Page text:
Politics of Frequencies II

Jeg har tidligere skrevet om at jeg skal holde et innlegg om “Politics of Frequencies” ved årets konferanse knyttet til Nordic Society of Aesthetics. Jeg skal også holde et annet innlegg i neste måned med samme tittel (men annen undertittel). Jeg deltar i et nordisk forskningsnettverk kalt “Researching Music Censorship,” og den 5. og 6. mai har nettverket en workshop med tittelen “Contested Spaces: War, Torture, Violence, Suppression and Power.” Programmet for workshoppen kan ses her. Jeg skal selv holde et paper med tittelen “Politics of Frequencies: Sound, Technology, Vibration,” og, som forrige gang, her er mitt abstract (manus er enda ikke ferdig):

Politics of Frequencies: Sound, Technology, Vibration

In his book Gramophone, Film, Typewriter(1986; English translation, 1999), Friedrich Kittler claims that “the entertainment industry is, in any conceivable sense of the word, an abuse of army equipment.” Mentioning different technologies, including microphones and stereo equipment, Kittler points to similarities between developments in compositional music, popular music, and war, where effects of sound are at stake. These technologies, and others, often originated in the military, but have, along the way, been inserted into what is nowadays some times referred to as the “military-entertainment complex.” Steve Goodman’s recent book Sonic Warfare: Sound, Affect, and the Ecology of Fear(2010) relates to this discussion, but takes it further by exploring an even wider range of acoustic phenomena. Coining the term “politics of frequency,” Goodman argues for differences within sound, noise, and vibration, where sound’s different effects on the body is crucial. The wide understanding of war in Kittler might be somewhat ambiguous (as Geoffrey Winthrop-Young argues in “Drill and Distraction in the Yellow Submarine: On the Dominance of War in Friedrich Kittler’s Media Theory,” 2002), but Goodman makes a good case for still new intersections between productions of sound within the musical field in relation to war as well as police work (with sonic bombs and high-frequency sounds breaking up demonstrations as only two examples).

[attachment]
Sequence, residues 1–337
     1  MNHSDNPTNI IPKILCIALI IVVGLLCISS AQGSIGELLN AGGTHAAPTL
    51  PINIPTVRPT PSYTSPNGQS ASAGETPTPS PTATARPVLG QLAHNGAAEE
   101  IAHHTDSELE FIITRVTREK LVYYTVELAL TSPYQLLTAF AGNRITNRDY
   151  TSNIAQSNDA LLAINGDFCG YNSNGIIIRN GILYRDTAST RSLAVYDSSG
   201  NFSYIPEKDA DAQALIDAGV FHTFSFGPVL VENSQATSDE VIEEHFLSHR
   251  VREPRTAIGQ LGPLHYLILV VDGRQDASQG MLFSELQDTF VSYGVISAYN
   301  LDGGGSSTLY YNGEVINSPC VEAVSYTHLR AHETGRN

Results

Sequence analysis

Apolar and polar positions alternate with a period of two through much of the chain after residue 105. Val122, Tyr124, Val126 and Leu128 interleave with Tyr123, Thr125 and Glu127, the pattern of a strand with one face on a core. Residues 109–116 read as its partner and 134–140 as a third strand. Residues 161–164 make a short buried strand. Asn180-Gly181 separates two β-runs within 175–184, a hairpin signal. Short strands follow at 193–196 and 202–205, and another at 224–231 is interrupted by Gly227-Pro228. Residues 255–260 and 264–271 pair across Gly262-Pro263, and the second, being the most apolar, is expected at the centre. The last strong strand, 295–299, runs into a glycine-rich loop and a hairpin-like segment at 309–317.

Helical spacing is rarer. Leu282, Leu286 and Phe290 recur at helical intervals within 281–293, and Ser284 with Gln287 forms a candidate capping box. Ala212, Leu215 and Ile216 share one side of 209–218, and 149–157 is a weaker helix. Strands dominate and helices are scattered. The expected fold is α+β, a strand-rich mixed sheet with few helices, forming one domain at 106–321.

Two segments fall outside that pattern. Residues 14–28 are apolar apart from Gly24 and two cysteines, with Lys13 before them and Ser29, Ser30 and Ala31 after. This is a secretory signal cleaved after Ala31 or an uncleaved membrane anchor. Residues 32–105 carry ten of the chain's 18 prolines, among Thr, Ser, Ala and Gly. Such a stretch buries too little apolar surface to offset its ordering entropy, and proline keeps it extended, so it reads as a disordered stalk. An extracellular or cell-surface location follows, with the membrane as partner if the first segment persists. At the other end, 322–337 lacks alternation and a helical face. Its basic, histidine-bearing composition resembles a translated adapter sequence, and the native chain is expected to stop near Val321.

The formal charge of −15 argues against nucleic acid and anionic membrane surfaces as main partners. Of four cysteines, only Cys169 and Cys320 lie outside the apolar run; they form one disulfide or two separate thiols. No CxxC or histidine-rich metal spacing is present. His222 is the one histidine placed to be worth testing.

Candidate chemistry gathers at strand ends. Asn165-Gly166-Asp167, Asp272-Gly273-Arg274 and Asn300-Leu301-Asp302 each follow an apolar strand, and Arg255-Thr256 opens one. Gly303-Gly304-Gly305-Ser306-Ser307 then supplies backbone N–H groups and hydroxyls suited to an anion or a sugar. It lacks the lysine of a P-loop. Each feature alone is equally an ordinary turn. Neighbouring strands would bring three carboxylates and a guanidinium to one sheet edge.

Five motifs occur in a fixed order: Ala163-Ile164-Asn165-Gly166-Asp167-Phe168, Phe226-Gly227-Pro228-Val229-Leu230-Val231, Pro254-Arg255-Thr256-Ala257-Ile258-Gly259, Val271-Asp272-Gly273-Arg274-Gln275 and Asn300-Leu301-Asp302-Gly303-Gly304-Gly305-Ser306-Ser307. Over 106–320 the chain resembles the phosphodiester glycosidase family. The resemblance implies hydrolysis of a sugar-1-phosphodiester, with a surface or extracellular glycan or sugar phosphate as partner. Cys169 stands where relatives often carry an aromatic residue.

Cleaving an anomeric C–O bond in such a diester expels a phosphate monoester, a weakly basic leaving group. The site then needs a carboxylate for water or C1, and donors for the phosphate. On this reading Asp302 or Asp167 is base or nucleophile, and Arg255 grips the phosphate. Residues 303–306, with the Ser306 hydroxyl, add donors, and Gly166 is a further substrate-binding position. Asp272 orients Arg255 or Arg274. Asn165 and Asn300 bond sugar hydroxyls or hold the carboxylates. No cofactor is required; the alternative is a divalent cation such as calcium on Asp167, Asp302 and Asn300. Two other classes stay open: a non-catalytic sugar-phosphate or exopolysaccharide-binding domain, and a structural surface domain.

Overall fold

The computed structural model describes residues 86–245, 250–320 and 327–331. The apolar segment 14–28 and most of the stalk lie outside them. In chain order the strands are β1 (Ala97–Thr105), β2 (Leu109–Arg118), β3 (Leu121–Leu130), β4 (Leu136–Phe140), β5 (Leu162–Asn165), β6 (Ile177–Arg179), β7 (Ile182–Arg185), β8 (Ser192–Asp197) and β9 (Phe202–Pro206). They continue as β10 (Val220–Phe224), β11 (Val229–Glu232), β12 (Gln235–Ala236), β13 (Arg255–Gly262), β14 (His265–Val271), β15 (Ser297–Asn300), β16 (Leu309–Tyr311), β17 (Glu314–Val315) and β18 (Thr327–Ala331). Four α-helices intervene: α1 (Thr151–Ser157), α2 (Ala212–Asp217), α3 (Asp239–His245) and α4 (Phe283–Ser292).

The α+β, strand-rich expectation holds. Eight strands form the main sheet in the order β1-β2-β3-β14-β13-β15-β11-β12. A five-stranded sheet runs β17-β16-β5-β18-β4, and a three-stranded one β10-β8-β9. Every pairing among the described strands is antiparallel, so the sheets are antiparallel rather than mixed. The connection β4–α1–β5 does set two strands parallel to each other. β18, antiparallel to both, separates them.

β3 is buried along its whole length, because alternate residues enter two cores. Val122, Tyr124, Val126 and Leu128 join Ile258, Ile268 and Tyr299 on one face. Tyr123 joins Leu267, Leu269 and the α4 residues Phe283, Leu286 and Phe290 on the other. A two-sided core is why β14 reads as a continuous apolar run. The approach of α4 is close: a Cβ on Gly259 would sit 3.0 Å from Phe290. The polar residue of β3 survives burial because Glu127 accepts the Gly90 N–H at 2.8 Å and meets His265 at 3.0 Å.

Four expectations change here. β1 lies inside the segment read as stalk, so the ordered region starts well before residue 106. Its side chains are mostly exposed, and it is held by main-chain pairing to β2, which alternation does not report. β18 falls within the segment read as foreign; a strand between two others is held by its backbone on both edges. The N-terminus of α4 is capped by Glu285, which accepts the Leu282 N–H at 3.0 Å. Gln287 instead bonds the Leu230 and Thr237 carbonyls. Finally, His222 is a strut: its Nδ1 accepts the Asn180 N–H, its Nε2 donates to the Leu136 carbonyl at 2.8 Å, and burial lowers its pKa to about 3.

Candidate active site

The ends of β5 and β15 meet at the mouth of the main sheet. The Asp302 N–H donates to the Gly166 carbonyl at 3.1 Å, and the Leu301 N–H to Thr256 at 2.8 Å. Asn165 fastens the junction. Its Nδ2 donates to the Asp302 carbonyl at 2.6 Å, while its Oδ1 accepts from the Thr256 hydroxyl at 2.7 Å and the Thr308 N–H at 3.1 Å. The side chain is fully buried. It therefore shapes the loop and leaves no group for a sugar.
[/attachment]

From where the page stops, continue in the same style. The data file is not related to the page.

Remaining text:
This paper attempts an exploration based in Goodman’s book about the relation between musical sounds and military sounds. The politics of frequency relates to different sonic dimensions – Goodman focusing on bass as well as subsonic dimensions – and the physical effects of vibrations arguably also leads to a contested sonic space.

Og mon ikke jeg skal få spilt noe musikk fra kode9 også.

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